To demonstrate the ability of the speckle noise reduction of the SM DF-LDV, a piece of paper attached on a rotation table carried by a translating stage is used as the target. While the translating stage provides the longitudinal velocity, the transverse velocity generated by the rotation table determines the amount of the speckle noise added to the backscattered light. The backscattered light from the target is collected by a lens (L) and then fed back into the SL, where a polarization controller (PC) and a polarization-independent isolator (ISO3) are used to match the polarizations of the fiber and the SL. The feedback power is controlled by a variable attenuator (VA) and measured at the BS before coupling into the SL. The length of the feedback loop is about 45 m mainly determined by the fiber optic components used in the signal arm.

4. Results and discussions

The optical and power spectra of the SL operated in the P1 state are shown in Figs. 2(a) and 2(b), respectively. The normalized injection strength from the ML to the SL is 0.45 (the ratio between the strengths of the injection field and the emitted field) and the detuning frequency between the ML and the SL is 680 MHz. As can be seen, the output light from the SL contains two frequency components with equal amplitude. Their microwave beat frequency fP1 is 11.25 GHz, which has a 3 dB linewidth of 15 MHz measured with a resolution bandwidth of 100 kHz. By current modulating the SL at fP1 to phase-lock the two frequency components, as shown in Fig. 2(c), the 3 dB linewidth of the fP1 can be narrowed to less than 1 Hz (limited by the resolution bandwidth of the microwave spectrum analyzer). By enhancing the coherence of the microwave signal with the phase-locking, the coherent detection range is greatly extended.

Fig. 2 (a) Optical spectrum, (b) power spectrum without phase-locking, and (c) power spectrum with phase-locking of the P1 state obtained from the optically-injected SL.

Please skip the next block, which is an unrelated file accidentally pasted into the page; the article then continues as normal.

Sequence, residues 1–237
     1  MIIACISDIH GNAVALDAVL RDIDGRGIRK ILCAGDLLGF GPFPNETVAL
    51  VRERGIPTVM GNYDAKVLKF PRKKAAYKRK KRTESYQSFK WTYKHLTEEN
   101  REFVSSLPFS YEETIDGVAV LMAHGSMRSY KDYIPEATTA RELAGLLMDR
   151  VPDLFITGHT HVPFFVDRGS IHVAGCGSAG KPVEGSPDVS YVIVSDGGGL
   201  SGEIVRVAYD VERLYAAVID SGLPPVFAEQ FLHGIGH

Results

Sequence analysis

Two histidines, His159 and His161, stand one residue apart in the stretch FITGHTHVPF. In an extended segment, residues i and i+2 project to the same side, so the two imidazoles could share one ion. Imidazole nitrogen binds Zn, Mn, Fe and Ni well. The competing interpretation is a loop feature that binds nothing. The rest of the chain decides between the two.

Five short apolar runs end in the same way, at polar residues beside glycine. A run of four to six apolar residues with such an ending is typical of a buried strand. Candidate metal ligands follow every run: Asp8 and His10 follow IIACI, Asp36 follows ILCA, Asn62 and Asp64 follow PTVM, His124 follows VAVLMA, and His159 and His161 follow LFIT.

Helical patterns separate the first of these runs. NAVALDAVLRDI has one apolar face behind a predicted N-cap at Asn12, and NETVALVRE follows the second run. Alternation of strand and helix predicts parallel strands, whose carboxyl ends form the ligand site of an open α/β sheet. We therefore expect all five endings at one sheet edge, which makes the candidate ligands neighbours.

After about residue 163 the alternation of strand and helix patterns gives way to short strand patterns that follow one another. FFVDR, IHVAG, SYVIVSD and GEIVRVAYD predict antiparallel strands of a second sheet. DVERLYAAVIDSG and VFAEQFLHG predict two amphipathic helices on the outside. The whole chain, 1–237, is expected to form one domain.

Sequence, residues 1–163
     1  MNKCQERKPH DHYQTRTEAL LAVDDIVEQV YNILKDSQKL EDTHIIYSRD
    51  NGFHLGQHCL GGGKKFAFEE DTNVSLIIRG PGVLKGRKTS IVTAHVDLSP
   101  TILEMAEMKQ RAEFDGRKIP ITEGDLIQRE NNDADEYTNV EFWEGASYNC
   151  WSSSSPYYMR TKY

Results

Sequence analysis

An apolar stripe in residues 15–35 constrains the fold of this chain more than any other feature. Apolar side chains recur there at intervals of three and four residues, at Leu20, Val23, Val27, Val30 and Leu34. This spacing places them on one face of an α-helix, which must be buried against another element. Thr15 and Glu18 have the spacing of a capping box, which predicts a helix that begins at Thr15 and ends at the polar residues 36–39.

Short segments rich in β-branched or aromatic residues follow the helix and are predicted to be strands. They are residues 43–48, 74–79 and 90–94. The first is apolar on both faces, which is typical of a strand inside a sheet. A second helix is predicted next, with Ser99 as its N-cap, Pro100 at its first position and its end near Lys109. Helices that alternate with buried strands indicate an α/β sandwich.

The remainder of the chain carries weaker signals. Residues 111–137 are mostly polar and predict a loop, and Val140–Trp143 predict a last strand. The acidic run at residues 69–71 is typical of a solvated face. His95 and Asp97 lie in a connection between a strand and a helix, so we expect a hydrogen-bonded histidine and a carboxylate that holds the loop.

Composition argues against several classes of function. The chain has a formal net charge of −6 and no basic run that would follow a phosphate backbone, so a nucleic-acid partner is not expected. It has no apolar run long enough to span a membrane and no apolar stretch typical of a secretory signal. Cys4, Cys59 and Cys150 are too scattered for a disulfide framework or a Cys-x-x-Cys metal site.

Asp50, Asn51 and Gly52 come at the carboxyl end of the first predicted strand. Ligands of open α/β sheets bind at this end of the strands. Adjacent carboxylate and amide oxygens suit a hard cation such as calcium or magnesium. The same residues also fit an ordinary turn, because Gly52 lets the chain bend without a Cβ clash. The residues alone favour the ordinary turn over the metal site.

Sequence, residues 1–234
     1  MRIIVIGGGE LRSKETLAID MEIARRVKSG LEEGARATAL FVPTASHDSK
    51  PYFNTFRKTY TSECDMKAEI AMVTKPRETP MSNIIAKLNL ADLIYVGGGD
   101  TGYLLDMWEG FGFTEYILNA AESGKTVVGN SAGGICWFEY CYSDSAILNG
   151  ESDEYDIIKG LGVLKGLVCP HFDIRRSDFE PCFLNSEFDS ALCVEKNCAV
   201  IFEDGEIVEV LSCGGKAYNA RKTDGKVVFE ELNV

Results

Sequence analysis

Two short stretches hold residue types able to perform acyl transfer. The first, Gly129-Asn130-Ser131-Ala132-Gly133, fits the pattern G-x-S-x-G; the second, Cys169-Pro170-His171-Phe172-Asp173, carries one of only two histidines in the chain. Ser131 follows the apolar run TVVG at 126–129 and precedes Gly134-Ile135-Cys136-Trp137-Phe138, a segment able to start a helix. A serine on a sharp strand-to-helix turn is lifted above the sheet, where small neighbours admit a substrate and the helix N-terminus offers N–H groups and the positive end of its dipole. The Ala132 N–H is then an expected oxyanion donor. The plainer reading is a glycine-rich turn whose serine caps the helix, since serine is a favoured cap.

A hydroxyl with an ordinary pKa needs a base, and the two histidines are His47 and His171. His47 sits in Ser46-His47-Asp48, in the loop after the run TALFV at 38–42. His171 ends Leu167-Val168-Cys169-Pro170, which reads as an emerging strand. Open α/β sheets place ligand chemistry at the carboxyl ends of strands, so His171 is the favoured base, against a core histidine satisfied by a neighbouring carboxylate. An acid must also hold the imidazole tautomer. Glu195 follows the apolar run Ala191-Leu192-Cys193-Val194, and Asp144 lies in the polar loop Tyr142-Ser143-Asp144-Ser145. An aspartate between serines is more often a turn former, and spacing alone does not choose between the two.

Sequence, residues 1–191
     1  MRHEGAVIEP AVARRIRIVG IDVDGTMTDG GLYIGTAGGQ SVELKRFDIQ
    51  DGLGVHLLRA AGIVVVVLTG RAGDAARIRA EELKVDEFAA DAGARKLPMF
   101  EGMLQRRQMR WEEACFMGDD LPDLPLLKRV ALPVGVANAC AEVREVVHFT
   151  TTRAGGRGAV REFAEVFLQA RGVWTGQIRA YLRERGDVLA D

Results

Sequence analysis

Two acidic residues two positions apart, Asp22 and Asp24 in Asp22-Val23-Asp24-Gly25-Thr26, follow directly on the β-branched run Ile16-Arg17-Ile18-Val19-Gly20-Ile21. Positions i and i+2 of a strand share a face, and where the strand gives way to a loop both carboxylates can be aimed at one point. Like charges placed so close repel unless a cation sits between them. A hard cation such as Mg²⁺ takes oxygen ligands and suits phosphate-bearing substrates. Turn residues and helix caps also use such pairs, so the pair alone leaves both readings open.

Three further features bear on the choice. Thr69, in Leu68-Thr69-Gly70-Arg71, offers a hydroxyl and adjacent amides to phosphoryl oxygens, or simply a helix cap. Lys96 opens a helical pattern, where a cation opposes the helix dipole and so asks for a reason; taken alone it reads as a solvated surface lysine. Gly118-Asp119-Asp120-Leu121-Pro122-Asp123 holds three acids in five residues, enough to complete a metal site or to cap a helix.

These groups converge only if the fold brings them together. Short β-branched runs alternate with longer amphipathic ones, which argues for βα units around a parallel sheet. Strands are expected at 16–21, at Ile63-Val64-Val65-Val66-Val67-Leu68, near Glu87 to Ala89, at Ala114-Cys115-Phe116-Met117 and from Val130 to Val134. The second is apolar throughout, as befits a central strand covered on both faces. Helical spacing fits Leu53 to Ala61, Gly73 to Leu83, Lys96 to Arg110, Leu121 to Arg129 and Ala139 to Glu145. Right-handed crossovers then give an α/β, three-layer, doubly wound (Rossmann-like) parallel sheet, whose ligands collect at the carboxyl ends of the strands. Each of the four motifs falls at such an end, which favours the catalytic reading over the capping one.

To show the feasibility of the SM DF-LDV, Figs. 3(a)–3(b), 3(c)–3(d), and 3(e)–3(f) show the Doppler signals ISM,DF (t) (blue dashed curves), the mixed Doppler signals ISM,DF (t)2 (solid black curves), and their corresponding spectra for a plane mirror moving with vz = −2 cm/s and vz = +2 cm/s toward and away from the SL, respectively. As can be seen in Figs. 3(e) and 3(f), the Doppler-shifted frequency at 1.5 Hz corresponding to the velocity of the target is clearly shown in the spectra of the mixed Doppler signals. Note that similar results can also be obtained in the time domain by filtering the mixed Doppler signal with a low-pass filter (Here a third-order Chebyshev Type-II filter with a 7 Hz −3 dB bandwidth is used). As shown in Figs. 3(c) and 3(d) with the red dashed curves, sawtooth-like waveforms with a period of 0.67 s are obtained. From the orientations of these asymmetric sawtooth-like waveforms, the directions of the moving target can be determined.

Fig. 3 (a)–(b) The Doppler signals ISM,DF (t), (c)–(d) the mixed Doppler signals ISM,DF (t)2, and (e)–(f) their corresponding spectra for a target moving with vz = −2 cm/s and vz = +2 cm/s toward and away from the SL, respectively. The red dashed curves shown in (c) and (d) are the mixed Doppler signals after low pass filtering.